The familiar face of former town councillor David Strachan can once again be seen in Market Rasen.
The 50-year-old is now free after serving eight-months of a two year jail term imposed last July for his part in a fuel duty tax evasion scheme.
Strachan was found guilty of conspiracy to evade payment but was cleared of conspiracy to cheat revenue. Four others in the gang were also jailed in a case involving fuel and VAT fraud totalling £4.3million.
Released on February 27, his first week of freedom has been “relaxing with family.” “I have daughters and grandchildren in Market Rasen. I have been spending time with them,” he said.
The Rasen Mail caught up with him in the Aston Arms, where over a pint he admitted he suffered “a lot of embarrassment” over the case.
“I have put that all behind me now. I have seen the error of my ways,” he continued.
Strachan spent time in prison at Hull and later at HMP Everthorpe at Brough.
“While I was inside I was a model prisoner, working in the garden. I also did a bit of education in maths, English and IT. It was a redoing of what I have already done.
“When you go in first, you are seen as a naughty boy and you share a cell. When they (the prison authorities) get to know you, you get privileges like a single cell.”
During the trial last year, the popular ex-town councillor received references and letters of support from his former colleagues.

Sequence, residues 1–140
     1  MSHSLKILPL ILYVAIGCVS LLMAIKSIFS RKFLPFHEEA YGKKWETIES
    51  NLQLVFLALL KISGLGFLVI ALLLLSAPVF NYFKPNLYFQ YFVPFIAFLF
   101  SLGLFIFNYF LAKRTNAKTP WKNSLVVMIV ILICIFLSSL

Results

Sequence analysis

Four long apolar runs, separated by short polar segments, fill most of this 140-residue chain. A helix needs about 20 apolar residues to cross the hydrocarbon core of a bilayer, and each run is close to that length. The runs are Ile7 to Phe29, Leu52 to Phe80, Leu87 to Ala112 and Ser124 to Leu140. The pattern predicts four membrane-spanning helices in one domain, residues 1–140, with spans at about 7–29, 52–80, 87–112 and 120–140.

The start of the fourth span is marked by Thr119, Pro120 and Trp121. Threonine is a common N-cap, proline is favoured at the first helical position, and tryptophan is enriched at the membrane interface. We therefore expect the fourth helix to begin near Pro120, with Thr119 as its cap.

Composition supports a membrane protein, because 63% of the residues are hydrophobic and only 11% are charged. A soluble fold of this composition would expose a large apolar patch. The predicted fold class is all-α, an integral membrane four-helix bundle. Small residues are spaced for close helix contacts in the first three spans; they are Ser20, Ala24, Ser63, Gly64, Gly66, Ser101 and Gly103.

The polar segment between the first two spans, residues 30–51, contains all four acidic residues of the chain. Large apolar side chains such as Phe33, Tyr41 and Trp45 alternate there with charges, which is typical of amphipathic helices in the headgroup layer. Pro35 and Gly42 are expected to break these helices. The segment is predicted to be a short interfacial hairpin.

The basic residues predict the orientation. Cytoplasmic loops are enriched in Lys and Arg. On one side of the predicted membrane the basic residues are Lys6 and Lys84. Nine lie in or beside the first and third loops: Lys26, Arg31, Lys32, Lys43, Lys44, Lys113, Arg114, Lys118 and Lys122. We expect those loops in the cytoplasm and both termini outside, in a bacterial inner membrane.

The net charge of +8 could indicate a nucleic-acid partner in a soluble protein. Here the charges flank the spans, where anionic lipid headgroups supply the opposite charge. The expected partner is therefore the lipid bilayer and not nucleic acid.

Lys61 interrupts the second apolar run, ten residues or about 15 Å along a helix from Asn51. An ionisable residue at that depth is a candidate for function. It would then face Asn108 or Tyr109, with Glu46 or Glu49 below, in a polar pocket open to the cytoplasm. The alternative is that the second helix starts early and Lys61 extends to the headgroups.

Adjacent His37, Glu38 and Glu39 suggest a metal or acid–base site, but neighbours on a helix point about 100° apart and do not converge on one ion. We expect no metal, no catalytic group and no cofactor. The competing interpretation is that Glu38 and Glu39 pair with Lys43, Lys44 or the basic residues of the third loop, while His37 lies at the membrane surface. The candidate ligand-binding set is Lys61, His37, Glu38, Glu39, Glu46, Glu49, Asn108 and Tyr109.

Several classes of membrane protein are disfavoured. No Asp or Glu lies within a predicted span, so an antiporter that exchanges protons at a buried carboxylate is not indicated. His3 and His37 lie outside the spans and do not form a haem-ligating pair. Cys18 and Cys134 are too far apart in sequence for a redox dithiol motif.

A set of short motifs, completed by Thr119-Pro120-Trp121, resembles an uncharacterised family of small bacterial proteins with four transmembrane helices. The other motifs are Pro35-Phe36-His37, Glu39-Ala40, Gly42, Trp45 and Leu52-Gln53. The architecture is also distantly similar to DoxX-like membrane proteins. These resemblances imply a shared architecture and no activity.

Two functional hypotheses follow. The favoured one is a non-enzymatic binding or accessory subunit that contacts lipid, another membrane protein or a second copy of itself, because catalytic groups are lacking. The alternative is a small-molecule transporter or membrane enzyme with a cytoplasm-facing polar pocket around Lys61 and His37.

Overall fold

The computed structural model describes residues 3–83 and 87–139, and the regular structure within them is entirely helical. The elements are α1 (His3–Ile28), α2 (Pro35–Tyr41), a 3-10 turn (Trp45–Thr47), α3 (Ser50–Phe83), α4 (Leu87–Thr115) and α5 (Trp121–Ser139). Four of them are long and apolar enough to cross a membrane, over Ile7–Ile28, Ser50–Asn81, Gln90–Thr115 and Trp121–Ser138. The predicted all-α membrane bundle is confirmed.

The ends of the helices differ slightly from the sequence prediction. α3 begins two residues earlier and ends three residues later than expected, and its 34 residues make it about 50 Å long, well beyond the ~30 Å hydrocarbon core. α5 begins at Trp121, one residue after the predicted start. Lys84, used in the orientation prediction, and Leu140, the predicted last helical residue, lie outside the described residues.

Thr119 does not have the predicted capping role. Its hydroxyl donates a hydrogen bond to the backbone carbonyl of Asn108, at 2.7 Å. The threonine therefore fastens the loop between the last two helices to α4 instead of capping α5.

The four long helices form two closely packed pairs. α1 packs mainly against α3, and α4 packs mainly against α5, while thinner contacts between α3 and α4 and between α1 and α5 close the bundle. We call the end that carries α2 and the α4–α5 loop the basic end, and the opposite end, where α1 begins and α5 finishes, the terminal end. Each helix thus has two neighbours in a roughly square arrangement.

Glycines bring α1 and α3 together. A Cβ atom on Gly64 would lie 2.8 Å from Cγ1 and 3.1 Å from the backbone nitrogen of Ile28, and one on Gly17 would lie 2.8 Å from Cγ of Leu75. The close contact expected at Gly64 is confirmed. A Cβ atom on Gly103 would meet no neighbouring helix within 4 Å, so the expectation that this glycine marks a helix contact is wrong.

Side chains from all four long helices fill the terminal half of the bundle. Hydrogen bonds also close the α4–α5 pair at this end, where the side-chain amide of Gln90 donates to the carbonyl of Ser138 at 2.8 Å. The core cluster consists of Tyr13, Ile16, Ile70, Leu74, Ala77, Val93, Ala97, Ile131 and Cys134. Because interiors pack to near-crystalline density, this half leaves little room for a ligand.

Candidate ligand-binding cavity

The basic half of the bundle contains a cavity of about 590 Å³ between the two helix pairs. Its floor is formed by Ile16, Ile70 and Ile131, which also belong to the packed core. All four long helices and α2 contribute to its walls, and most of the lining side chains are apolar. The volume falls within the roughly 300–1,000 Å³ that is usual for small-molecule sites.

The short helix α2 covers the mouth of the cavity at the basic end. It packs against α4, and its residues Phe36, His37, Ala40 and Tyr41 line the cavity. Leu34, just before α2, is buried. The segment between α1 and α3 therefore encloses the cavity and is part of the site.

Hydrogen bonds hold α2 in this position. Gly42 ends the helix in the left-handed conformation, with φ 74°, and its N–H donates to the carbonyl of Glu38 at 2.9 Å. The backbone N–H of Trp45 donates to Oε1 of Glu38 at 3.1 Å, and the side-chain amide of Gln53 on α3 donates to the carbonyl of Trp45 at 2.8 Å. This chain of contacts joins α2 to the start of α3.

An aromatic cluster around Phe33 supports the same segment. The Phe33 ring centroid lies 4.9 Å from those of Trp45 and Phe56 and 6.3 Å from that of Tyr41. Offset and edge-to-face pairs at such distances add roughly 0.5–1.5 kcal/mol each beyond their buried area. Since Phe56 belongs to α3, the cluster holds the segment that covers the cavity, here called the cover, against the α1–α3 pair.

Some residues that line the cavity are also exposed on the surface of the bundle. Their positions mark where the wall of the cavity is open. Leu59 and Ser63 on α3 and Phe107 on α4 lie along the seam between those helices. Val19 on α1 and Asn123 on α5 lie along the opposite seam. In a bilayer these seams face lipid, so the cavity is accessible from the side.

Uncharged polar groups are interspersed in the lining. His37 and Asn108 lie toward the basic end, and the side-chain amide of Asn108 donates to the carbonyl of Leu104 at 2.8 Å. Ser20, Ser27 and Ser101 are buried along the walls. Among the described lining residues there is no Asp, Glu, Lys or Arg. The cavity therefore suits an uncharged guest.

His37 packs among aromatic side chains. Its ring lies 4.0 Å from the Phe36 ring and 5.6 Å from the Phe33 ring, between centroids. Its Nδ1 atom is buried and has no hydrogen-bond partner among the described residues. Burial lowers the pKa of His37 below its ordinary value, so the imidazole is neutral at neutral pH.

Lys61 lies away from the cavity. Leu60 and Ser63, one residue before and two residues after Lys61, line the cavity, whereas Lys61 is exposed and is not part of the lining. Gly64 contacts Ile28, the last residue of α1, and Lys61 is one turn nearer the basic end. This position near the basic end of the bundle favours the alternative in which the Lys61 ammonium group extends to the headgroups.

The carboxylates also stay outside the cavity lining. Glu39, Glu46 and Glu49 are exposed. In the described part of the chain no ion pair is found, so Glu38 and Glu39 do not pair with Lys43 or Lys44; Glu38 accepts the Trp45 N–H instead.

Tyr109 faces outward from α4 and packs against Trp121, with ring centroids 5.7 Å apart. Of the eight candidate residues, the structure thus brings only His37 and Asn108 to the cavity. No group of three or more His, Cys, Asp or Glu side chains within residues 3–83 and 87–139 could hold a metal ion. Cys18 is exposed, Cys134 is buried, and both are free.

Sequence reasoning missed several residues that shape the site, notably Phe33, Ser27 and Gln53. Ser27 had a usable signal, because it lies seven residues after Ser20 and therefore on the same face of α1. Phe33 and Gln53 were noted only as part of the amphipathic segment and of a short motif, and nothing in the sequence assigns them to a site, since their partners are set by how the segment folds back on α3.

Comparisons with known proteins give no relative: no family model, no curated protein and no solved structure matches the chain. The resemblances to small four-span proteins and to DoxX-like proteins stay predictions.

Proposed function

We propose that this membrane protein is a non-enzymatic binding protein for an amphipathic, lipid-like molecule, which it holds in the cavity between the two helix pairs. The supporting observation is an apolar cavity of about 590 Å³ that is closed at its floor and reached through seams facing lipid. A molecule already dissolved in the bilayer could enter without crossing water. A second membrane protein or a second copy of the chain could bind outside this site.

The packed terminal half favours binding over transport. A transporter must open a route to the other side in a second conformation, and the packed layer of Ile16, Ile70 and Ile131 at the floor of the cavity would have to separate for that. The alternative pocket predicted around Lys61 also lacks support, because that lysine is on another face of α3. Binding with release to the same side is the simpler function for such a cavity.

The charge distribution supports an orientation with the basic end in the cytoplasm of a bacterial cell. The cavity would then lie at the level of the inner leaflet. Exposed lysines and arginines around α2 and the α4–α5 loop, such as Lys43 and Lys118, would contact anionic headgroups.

“I had a lot of support from members of the town council. Some of them gladly came to visit,” he said, refusing to reveal who they were.
“They were missing me and my input I used to have on the town council regarding town matters.”
Any suggestion the case shamed the council is totally rejected. “Once the verdict had been given, within two hours my letter of resignation was delivered. I have not pulled the town through the dirt. The case had nothing to do with the town council.”
Indeed, one member last week branded his former colleague “a lovable rogue”, noting many of us like to get one up on the taxman. On hearing this, Strachan chipped up: “I am a lovable rogue.”
Either way, it will be some time before he can join their twice monthly deliberations in Festival Hall. He is barred from public office for five years.
“Obviously, I can’t take an active part in town council but I am looking forward to involved in sub-committee work like any member of the public can be.”
He will also build up his agricultural consultancy business, saying there is “already work in the pipeline”, including voluntary work for the town council. He cites helping De Aston Field and Rasen Mill’s drainage issues.
“I’m not allowed to be a town councillor. It doesn’t mean my commitment to the town has lessened.”
He eyes a return one day, smiling at the suggestion he’d still be young enough to become mayor. As we finished our pints, the “family man” added he was looking forward to spending Friday night cooking and watching Dr Who with his granddaughter.